ADDRESSING the fear, lonliness and isolation many feel during the pandemic with a new emergency plan, is just one thing a busy Dilton Marsh Parish Council will be working on in 2021.
In her round-up report to Westbury Area Board in December, parish council chair, Kathy Hutt, said keeping things going had not been easy.
“During lockdown, we had a lot of active volunteers, but not really in a planned and organised way,” Kathy told members. “We liaised as much as possible with other groups, especially Westbury Town Council. The issue now is to try and address the fear, loneliness and isolation that many still feel, via an emergency plan.”
The parish council was busy, she explained, dealing with planning applications, submitting objections to Wiltshire Council regarding the NREL incinerator proposal and land west of Dartmoor Road. They were working on the neighbourhood plan and had formed a steering group for that, and were dealing with highways and traffic issues.
“Following the Wiltshire Council report on 20mph restriction assessment (October 2019) and other suggestions from residents, the parish council is preparing a report with recommendations for consultation with the wider community,” Kathy added.
It was formulating responses to government consultations on Planning for Change and Planning for the Future – which Kathy explained required very complex and in-depth planning knowledge to make an informed response.
The council had also formulated a response to be submitted for the government’s consultation on pavement parking which, she said, was an issue of concern around the parish.
Current projects were; noticeboards being replaced or refurbished, reviving the Dilton News parish council newsletter, considering the use of a former British Telecom phone box purchased by the council, and working with Wiltshire Council to replace waste bins around the village.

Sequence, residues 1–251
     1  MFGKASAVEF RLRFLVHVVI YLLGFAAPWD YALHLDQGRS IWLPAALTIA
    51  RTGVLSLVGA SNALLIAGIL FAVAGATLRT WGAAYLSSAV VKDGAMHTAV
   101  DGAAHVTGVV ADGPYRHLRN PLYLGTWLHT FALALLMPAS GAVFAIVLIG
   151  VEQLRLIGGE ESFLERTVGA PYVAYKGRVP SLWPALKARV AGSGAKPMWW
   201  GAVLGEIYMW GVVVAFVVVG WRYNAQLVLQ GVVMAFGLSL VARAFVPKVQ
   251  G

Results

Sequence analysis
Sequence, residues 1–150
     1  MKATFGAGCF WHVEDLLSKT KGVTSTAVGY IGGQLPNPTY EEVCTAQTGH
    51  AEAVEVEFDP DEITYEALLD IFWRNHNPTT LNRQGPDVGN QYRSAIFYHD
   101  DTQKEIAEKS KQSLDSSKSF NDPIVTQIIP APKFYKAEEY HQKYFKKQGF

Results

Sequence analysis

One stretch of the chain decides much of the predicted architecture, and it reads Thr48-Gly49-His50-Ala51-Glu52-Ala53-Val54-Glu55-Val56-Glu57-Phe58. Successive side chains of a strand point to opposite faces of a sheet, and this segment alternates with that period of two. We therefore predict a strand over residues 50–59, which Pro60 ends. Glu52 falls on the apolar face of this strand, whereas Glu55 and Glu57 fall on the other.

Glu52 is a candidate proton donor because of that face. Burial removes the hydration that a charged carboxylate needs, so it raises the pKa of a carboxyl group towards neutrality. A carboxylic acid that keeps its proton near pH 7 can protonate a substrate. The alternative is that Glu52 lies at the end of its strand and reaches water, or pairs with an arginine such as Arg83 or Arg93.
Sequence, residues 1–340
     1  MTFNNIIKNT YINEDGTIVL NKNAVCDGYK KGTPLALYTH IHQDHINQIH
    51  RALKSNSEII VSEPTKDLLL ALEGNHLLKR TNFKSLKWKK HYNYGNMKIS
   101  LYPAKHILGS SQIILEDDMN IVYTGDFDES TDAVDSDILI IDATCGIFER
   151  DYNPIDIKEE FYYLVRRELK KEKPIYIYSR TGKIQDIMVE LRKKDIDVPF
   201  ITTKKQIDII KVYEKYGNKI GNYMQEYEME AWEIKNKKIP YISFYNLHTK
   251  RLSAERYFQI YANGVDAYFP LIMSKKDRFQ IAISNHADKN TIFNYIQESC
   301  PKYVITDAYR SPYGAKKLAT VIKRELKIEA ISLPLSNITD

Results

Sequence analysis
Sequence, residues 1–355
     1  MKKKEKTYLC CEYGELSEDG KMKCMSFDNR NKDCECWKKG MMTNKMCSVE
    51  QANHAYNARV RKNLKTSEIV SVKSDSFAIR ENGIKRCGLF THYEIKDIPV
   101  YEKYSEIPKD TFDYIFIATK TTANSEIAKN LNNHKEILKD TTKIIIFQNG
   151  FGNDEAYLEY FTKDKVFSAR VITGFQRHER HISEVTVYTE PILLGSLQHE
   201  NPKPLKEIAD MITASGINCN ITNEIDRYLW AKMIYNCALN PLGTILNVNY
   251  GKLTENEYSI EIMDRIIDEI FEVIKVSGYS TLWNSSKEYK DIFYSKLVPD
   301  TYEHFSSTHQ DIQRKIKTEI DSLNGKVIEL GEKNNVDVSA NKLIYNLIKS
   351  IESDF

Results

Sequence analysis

The parish council was also working on the provision of additional grit bins, the replacement of the bench by Dilton Halt following vandalism, and the installation of an additional barrier at Alan Powell Lane for prevention of misuse, especially fly tipping and drug dealing.
The council was considering the installation of CCTV on the playing field to reduce antisocial behaviour and working on improvements to the signs and football pitch, and also discussing the use of Speed Indicator Devices (SIDs) in the village.
Issues being tackled over the past few months had been Covid -19 support for residents – planning for future needs, fly tipping, antisocial behaviour – believed by young people from Westbury, suspected drug dealing – working with police, and the closure of the Prince of Wales pub, which was then advertised for sale by auction.
“The parish council did not support a community bid on the sale,” Kathy said. “It attracted bids at auction, but was not sold. The parish council applied for a grant to support families with IT equipment, but weren’t successful. Dilton Marsh School was able to secure funding from another source.
“We were unable to hold the annual Family Fun Day, but with support from Westbury Churches Together and Spurgeons, distributed activity packs for children to around 80 families.”
And she concluded, “A recent joint meeting with other parish councils and our MP, relating to NREL in this case, was useful and opened up more collaborative working.”